Fighting Mold In Your Smoker Or Grill
It's pretty shocking when the rip off the cover off your cooker in spring to discover the interior is covered in white fuzz. Weber Smokey Mountain (WSM) owners are especially vulnerable to this jolt.
That's because mold loves moisture and grease. When you are done with a cook, superheat your cooker. Add fresh coal if necessary. Burn off all that food residue. Scrape grease off the interior with a plastic putty knife regularly, especially if you don't plan to use it for a while. Store your cooker with the vents open and in a dry place so moist air is not trapped inside. On the WSM, remove the side door.
If you do get mold, and you have a ceramic cooker, do not use chlorine or solvents, do not powerwash, and do not use a metal scraper or a wire brush on the ceramic parts. Heat is your only tool. If you have a grill or smoker made of metal and you have a mold infestation, here's what to do:
1) Discard any charcoal, lava rocks, ceramic briquets, or other porous materials.
2) Fire it up as hot as possible to kill it and burn off all grease and mold. Use a double load of charcoal. If you try to scrape it off or powerwash first you might inhale a lot of spores and have an allergic reaction, and you will still have a lot of mold on the floor.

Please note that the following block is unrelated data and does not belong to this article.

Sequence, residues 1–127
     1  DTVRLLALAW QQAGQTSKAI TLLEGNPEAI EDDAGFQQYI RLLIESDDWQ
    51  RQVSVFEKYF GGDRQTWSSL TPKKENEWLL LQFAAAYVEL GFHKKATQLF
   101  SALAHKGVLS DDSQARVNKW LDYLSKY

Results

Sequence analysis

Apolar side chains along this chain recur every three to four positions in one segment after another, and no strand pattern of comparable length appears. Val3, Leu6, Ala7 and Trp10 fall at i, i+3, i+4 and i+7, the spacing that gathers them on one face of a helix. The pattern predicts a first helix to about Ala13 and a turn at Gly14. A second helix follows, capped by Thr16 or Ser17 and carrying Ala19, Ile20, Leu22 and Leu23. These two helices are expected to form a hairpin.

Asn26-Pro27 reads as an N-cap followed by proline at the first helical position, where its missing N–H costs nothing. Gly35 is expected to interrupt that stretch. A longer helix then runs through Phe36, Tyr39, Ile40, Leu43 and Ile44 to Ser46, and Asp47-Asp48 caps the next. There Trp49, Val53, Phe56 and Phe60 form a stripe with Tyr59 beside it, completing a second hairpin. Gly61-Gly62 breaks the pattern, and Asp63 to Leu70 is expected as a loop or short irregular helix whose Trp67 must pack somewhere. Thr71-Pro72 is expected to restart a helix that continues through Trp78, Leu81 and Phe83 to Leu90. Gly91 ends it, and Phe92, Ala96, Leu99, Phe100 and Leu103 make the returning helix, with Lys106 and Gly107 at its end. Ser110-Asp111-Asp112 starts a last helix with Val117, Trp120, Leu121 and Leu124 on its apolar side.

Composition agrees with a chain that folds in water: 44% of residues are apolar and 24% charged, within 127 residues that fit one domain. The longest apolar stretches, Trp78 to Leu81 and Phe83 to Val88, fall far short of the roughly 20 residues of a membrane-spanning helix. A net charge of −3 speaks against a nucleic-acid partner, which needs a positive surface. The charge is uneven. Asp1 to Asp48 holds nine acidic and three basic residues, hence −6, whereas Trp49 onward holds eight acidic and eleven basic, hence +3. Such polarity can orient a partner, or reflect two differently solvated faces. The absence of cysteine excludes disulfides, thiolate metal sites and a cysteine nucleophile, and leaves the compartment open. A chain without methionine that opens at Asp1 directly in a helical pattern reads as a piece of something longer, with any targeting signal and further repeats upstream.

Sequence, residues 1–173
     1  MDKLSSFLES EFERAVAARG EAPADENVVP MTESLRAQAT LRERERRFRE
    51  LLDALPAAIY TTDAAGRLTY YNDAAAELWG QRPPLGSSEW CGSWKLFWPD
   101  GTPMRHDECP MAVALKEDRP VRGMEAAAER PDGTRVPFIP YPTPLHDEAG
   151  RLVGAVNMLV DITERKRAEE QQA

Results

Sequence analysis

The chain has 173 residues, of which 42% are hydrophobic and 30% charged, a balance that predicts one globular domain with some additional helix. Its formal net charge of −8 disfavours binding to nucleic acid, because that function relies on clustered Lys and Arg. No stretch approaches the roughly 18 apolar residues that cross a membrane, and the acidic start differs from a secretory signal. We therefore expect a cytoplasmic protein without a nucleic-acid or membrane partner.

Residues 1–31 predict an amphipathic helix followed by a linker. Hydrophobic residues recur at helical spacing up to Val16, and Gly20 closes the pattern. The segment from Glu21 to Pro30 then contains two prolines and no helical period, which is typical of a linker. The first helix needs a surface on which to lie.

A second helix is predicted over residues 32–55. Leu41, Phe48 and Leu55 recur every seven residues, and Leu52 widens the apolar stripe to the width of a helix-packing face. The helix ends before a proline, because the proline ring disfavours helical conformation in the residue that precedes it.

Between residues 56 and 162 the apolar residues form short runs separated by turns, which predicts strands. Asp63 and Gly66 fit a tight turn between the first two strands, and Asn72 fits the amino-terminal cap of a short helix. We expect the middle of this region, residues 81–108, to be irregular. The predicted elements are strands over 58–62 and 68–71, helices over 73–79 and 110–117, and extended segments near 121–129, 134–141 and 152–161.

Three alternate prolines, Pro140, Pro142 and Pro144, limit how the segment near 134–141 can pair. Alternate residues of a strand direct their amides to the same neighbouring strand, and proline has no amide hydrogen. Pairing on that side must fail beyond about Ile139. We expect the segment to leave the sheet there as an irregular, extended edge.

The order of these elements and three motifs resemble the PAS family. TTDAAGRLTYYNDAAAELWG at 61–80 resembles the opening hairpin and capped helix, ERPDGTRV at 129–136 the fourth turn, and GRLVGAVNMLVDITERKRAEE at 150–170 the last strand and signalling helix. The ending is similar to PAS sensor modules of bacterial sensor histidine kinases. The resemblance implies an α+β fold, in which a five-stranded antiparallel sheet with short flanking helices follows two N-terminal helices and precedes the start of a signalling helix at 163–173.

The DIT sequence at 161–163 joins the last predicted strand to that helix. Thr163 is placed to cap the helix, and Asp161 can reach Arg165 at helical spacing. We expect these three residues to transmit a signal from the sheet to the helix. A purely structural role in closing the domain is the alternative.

3) Let it cool and now scrape and scrub everything in sight with a wire brush or a pressure washer. Remove parts and scrape or pressure wash them. The only desirable grease is elbow grease.
4) Then wash everything down with soapy water. Then rinse thoroughly.
5) Finally, fire it up one last time to burn off any mold, grease, and soap residue. You're now ready to cook. Click here to learn more about setting up your Weber Smokey Mountain, setting up your charcoal grill, and setting up your gas grill.
This page was revised 2/27/2013
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